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The answer to your question is complicated by the fact that there are (at least) two distinct types of "money" in our economy: "base money" and "broad money". You can think of base money as tokens that get passed from person to person as trade is carried out, much like a non-economist would guess that money worked. This however constitutes only a small fraction of the money in our economy. The majority, broad money, can be thought of as "spendable IOUs". We all know that IOUs can spontaneously come into existence when a loan agreement is made, and conversely disappear back out of existence when a loan is repaid. This is why, when a bank makes a "loan", they are not transferring money from savers to the borrower, but instead create spendable IOUs. Later when the loan is repaid, the spendable IOUs disappear back out of existence.

The total amount of money in an economy is therefore not necessarily always growing. Instead it depends on the relative rates of new loans being made (creating new money) and pre-existing loans being repaid (destroying money). If the rate of new lending stalls, but existing loans still have to be repaid, then the money supply can shrink. This is what happened in the great depression, where the money supply fell by around a third.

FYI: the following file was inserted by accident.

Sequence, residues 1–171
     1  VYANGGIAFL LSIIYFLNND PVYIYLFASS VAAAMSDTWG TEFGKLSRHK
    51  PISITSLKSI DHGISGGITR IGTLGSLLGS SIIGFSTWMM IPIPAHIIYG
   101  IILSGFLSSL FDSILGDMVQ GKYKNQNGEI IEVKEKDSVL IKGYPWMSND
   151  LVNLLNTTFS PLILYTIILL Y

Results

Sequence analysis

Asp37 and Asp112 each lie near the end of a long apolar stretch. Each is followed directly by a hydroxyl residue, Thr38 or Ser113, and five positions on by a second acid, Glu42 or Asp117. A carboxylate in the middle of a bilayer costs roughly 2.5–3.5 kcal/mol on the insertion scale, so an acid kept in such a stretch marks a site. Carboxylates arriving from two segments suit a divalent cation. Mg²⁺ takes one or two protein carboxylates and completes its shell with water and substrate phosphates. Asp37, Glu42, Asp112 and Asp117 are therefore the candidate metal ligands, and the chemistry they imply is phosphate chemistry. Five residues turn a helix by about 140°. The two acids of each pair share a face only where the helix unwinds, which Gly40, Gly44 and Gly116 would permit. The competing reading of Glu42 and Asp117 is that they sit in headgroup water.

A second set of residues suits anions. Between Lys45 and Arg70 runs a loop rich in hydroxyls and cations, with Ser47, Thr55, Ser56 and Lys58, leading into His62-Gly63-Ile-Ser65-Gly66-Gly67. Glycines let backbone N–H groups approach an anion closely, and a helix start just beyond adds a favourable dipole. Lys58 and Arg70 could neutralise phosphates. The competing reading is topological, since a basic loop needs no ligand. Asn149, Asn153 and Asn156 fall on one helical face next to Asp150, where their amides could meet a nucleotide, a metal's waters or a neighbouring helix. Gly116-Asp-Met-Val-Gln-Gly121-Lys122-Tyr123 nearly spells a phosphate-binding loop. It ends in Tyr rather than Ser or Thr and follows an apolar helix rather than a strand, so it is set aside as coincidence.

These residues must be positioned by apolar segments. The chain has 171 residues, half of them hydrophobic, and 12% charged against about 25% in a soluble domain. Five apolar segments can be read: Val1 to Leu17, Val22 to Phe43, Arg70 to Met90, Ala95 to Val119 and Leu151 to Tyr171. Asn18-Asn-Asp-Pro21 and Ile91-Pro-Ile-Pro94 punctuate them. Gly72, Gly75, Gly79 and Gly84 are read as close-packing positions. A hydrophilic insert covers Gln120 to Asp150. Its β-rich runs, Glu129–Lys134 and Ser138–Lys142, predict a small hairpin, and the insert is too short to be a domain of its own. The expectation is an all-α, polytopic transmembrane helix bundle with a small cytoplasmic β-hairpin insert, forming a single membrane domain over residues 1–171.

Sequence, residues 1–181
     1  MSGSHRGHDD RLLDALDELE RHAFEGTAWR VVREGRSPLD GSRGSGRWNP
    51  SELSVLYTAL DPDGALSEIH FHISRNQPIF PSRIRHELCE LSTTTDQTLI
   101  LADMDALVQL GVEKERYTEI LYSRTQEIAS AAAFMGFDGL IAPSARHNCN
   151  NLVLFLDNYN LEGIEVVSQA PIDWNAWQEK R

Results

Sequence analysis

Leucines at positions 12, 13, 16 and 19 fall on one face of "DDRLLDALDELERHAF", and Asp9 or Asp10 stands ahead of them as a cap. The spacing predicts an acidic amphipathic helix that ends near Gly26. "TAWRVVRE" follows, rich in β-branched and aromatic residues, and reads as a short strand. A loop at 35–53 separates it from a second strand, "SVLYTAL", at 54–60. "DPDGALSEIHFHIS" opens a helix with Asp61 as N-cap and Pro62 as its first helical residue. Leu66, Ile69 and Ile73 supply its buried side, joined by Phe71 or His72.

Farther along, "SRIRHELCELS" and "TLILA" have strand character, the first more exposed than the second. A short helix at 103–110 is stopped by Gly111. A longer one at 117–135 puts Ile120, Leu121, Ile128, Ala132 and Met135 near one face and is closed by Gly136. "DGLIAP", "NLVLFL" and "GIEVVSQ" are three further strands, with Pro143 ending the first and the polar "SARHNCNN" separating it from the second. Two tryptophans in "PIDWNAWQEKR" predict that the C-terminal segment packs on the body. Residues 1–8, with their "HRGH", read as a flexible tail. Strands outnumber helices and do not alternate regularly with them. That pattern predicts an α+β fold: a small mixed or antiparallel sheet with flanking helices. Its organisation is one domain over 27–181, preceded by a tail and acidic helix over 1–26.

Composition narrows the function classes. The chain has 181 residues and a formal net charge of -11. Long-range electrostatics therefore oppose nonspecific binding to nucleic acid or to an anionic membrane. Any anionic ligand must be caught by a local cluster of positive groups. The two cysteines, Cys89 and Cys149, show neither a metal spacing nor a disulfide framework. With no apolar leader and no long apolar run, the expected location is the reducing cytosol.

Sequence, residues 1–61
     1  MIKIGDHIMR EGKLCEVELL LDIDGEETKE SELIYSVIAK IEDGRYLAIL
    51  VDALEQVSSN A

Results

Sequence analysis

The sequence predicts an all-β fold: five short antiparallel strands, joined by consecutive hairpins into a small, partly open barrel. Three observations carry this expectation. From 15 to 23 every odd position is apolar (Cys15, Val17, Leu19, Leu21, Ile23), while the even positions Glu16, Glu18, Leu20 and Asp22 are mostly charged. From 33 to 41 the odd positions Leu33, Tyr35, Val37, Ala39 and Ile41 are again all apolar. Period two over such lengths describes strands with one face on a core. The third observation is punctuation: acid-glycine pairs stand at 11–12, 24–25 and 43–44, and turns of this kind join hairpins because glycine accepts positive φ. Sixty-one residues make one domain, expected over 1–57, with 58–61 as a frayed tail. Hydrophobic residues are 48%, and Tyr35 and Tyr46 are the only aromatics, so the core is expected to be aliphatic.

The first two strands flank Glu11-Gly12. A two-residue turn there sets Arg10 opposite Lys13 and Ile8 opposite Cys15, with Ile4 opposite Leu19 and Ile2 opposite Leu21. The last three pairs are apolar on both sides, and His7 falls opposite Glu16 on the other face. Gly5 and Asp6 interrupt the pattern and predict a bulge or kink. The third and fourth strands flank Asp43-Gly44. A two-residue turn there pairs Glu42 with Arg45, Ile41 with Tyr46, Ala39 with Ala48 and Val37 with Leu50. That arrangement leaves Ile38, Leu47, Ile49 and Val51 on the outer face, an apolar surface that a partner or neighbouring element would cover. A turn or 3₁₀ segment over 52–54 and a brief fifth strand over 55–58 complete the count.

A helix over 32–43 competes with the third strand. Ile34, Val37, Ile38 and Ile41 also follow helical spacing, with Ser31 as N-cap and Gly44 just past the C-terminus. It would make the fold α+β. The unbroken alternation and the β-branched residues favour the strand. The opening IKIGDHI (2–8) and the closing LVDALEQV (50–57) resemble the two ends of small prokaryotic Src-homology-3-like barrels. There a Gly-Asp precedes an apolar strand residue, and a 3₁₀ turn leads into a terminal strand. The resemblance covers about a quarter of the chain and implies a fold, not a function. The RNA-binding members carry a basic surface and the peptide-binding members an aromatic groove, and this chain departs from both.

If you see an explanation of fractional reserve banking in a textbook that contradicts my explanation - the textbook is probably wrong. This can be confirmed by reading a recent paper published by the Bank of England here which totally condemns most popular textbooks.

See here for a more detailed, but jargon free, explanation that is compatible with the latest BoE paper.

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  • $\begingroup$ And also made a few mistakes of its own. I don't think calling bank deposits a spendable IOU is going to help clarify matters much - easier to stay with the idea that bank deposits are de facto money, and then deal with how they're created etc. $\endgroup$ – Lumi Jul 1 '15 at 18:51